Clay (daughter of the Hon. M. Clay); Lucy Gwathney; Mrs. Gerard; Mary Davis; Jane Wade; Mrs. William Cooke and daughter; Elizabeth Stevenson; Mrs. Convert and child; Betsey Griffin; Mrs. Thomas Wilson; Mrs. Bosher; Miss Maria Nelson; Miss Mary Page; Mrs. Laforest; Elvira Coutts; Mrs. Pickit; Miss Littlepage; Jean Baptiste Rezi; Thomas Lecroix; Mrs. John Bosher; Edward James Harvie; a carpenter by the name of Nuttal; one mulatto boy; four black servant women;-- -Seventy-one in all!!




SIR JOHN SINCLAIR in his statistical account of Scotland, tells us of a very extraordinary mode of courtship, and as curious a mode of terminating the nuptial rejoicings, which prevails in Ayrshire, in Scotland, in the neighbourhood of a place called Galston.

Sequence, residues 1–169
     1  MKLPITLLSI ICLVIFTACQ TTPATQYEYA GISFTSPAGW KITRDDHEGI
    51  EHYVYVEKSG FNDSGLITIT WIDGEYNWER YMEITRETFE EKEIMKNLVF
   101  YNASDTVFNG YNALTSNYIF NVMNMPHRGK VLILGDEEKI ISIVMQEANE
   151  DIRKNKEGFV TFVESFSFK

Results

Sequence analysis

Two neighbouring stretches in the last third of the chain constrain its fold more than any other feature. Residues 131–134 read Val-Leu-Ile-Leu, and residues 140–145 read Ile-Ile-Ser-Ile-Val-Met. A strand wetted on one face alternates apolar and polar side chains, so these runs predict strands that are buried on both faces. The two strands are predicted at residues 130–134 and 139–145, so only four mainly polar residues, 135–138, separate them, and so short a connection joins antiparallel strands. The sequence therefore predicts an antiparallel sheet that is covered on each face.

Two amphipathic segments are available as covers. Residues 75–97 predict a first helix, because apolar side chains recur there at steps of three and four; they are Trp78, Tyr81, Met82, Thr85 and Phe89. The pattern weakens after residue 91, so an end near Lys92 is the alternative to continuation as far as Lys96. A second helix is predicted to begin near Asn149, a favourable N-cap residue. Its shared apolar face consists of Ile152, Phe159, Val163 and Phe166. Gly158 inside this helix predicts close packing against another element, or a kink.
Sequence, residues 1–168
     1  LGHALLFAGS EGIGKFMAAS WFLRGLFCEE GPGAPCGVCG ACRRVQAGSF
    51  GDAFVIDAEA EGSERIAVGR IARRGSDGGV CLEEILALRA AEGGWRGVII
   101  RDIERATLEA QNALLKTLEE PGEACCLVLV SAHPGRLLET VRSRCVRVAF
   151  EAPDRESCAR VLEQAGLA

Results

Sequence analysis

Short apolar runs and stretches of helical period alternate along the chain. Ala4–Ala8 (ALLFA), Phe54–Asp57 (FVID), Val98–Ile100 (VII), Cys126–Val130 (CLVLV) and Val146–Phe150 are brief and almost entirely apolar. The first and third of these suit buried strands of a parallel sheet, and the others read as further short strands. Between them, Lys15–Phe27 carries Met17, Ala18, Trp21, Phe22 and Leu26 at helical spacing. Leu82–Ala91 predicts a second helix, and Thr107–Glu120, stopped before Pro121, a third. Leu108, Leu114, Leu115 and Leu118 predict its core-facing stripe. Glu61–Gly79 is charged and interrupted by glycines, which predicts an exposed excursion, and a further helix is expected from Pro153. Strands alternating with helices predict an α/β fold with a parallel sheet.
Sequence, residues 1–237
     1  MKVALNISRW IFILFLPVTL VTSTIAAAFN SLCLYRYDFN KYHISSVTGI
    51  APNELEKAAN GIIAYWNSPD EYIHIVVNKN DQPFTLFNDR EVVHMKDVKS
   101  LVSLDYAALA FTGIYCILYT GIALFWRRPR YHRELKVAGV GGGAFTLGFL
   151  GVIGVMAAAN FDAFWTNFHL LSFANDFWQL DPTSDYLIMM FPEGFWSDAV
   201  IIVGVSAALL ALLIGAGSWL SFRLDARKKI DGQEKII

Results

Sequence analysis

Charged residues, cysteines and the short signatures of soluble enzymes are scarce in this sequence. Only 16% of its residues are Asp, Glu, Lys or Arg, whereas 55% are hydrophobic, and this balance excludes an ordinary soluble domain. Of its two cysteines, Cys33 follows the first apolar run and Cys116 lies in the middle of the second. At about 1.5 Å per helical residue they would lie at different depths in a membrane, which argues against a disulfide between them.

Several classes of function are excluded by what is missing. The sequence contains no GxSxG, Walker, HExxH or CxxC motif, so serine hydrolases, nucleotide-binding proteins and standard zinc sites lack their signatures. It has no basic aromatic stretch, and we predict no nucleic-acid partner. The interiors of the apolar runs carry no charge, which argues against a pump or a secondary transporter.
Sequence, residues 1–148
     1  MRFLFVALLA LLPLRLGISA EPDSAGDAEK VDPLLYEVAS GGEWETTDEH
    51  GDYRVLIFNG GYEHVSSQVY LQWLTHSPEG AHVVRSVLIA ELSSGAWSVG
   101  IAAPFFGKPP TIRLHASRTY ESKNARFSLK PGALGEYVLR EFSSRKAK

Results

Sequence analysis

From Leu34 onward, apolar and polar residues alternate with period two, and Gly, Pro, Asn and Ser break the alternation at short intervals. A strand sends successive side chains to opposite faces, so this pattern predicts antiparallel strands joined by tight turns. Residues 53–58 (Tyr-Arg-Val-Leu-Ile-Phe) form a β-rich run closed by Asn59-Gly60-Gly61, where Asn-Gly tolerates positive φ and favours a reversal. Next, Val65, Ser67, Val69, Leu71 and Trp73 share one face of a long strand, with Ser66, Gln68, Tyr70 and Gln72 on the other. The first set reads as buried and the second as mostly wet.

When a young man wishes to pay his addresses to his sweetheart, instead of going to her father's, and professing his passion, he goes to a public house; and, having let the landlady into the secret of his attachment, the object of his wishes is immediately sent for, who almost never refuses to come. She is entertained with ale and whiskey, or brandy; and the marriage is concluded on. The second day after the marriage, a creeling, as it is called, takes place. The young wedded pair, with their friends, assemble in a convenient spot. A small creel or basket is prepared for the occasion, into which they put some stones: The young men carry it alternately, and allow themselves to be caught by the maidens, who have a kiss when they succeed. After a great deal of innocent mirth and pleasantry, the creel falls at length to the young husband's share, who is obliged to carry it generally for a long time, none of the women having compassion upon him. At last, his fair mate kindly relieves him from his burthen; and her complaisance, in this particular, is considered as a proof of her satisfaction with the choice she has made. The creel goes round again; more merriment succeeds, and all the company dine together, and talk over the feats of the field.*